- Do the 85 MEPs who signed the document understand ‘the basic concept of the rule of law?’, foreign ministry’s office in Hong Kong asks
- Their ‘ignorance and attitude have left people speechless with astonishment and horror’, it says
The European Parliament voted on Thursday to adopt a resolution calling for the Hong Kong government to formally withdraw its highly unpopular extradition bill, just hours after Beijing accused the motion of being full of "ignorance and prejudice".
The legislative branch of the European Union said the bill had caused fear among the people of Hong Kong that they could be subject to rendition to mainland China for political reasons.
The resolution, tabled by 85 parliamentary members, called on the Hong Kong authorities to immediately release and drop charges against the peaceful protesters, and set up an independent investigation into the use of force by its police force.
"They stress that the EU shares many of the concerns raised by the citizens of Hong Kong, since the bill has far-reaching consequences for the territory and its people, for the EU and for foreign citizens, as well as for business confidence in Hong Kong," the statement said.
As the parliamentary discussions were under way, China's foreign ministry issued a statement of its own in which it accused the politicians behind the motion of hypocrisy.
"The motion ignores the facts and confuses right from wrong," the ministry's commissioner's office in Hong Kong said in a statement.
"It is full of ignorance, prejudice and double standard hypocrisy. It is pointing fingers and making orders at the SAR (special administrative region) government and the central government's Hong Kong policies. Their ignorance and attitude have left people speechless with astonishment and horror," it said.
"The Chinese side strongly condemns this and expresses its strong dissatisfaction and resolute opposition."
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The cross-party, multinational motion "strongly condemns the constant and increasing interference by China in Hong Kong's internal affairs, as well as the recent assertion by China that the Sino-British Joint Declaration of 1984 is a historic document and hence is no longer valid".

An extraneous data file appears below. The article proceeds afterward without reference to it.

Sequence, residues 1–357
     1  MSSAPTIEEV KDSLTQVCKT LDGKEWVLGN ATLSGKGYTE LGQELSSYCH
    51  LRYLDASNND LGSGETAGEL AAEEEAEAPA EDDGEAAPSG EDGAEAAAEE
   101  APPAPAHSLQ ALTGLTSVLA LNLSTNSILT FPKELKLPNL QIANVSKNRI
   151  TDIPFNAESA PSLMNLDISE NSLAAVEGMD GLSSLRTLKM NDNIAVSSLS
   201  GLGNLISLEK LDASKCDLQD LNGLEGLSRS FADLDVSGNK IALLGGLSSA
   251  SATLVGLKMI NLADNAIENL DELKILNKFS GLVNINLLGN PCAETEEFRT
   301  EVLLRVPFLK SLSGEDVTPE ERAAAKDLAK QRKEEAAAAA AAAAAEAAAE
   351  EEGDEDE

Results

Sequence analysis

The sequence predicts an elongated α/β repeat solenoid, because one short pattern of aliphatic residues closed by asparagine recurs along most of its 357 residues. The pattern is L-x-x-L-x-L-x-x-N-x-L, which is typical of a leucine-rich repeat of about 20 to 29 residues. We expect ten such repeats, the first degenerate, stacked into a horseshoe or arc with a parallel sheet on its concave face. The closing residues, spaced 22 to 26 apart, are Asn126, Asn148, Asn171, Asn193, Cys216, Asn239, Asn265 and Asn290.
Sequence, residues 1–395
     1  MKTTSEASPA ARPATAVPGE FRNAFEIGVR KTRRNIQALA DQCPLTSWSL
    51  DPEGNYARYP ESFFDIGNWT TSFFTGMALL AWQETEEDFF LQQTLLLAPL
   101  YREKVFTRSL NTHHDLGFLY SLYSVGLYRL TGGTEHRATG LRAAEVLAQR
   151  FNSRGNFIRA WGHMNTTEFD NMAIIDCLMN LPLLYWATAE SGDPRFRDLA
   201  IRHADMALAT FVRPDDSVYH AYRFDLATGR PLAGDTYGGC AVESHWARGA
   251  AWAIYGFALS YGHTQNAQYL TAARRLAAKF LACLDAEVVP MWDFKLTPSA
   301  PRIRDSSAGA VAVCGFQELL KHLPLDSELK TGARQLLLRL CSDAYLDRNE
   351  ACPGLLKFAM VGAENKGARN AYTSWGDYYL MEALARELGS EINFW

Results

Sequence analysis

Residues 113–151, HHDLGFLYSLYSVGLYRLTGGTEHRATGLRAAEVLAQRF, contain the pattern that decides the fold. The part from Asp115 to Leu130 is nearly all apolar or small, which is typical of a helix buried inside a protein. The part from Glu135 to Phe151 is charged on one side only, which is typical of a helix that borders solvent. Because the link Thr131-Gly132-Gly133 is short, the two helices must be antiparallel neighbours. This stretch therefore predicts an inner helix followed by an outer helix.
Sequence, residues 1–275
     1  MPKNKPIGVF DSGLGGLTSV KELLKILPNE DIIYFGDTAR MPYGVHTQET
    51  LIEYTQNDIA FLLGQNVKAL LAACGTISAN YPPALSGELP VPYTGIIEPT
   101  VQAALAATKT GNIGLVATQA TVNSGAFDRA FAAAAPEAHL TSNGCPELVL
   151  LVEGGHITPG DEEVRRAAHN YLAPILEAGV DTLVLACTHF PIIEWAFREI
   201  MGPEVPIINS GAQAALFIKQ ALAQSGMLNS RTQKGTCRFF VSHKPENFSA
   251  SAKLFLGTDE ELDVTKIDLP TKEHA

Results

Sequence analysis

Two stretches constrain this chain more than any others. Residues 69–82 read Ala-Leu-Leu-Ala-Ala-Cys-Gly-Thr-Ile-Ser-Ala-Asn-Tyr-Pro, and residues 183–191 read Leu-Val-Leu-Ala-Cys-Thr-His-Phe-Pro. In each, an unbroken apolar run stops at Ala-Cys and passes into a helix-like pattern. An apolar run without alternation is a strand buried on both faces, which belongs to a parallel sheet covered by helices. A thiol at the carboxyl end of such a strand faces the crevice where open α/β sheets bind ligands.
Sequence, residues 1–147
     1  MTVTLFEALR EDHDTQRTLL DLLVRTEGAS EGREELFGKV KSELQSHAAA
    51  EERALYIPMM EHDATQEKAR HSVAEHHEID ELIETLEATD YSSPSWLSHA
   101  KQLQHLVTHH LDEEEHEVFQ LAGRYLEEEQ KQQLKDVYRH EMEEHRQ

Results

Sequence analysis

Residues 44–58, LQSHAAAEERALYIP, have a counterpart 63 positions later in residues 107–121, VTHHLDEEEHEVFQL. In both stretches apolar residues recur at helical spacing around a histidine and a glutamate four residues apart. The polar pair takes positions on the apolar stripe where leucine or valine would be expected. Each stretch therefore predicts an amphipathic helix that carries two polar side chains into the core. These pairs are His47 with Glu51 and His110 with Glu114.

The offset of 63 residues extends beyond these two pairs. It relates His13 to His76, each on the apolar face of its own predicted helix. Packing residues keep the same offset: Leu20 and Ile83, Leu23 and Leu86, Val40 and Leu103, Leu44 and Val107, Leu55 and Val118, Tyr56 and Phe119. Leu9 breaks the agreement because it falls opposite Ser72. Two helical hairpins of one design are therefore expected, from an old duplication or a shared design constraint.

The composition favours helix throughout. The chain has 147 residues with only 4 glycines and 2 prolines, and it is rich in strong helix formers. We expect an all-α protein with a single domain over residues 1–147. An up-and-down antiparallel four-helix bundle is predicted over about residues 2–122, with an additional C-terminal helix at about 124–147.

Amid reports that Germany and Britain were considering suspending arms sales to the Hong Kong police, the European Parliament's motion "calls for the EU, its member states and the international community to work towards the imposition of appropriate export control mechanisms to deny China, and in particular Hong Kong, access to technologies used to violate basic rights".
But the commissioner's office said the European politicians had "turned a blind eye to the horrendous and violent acts" carried out in Hong Kong.
"Do these parliament members have no sense of what's right and wrong. Do they have minimum moral conscience, and do they have the basic concept of the rule of law?"
The office said the motion had smeared the "one country, two systems" formula that allows Hong Kong to govern itself but remain part of a single China.
"It reverses black and white, with ulterior motives," it said.
Eve Geddie, director of the European institutions office at Amnesty International, said: "EU member states must now immediately suspend all exports of less lethal crowd control equipment " such as tear gas and rubber bullets " that risk being used unlawfully to threaten legitimate protests."
China's foreign ministry spokesman Lu Kang said Hong Kong was a matter of internal affairs and outside parties should not interfere.
"I call on relevant parties not to support violent acts that disturb the order of Hong Kong, or violent criminals," he said.
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Among the motion's most high-profile signatories were European Parliament vice-president Fabio Massimo Castaldo; the chairman of its foreign affairs committee, David McAllister; Lithuania's ex-prime minister Andrius Kubilius; and former European Commission vice-president Andrus Ansip.
While the resolution is non-binding, observers said it could influence EU foreign policy.
"While European institutions are not obliged to follow the resolution, they often give serious consideration to the European Parliament's proposals, and may decide to take action on the basis of the recommendations put forward," said Sandra Marco Colino, an assistant professor of law at the Chinese University of Hong Kong.
"The European Parliament frequently passes resolutions when there is a particularly worrying problem, with the aim of stating a joint position and putting forward some suggestions for resolving the controversy," she said.
Additional reporting by Keegan Elmer
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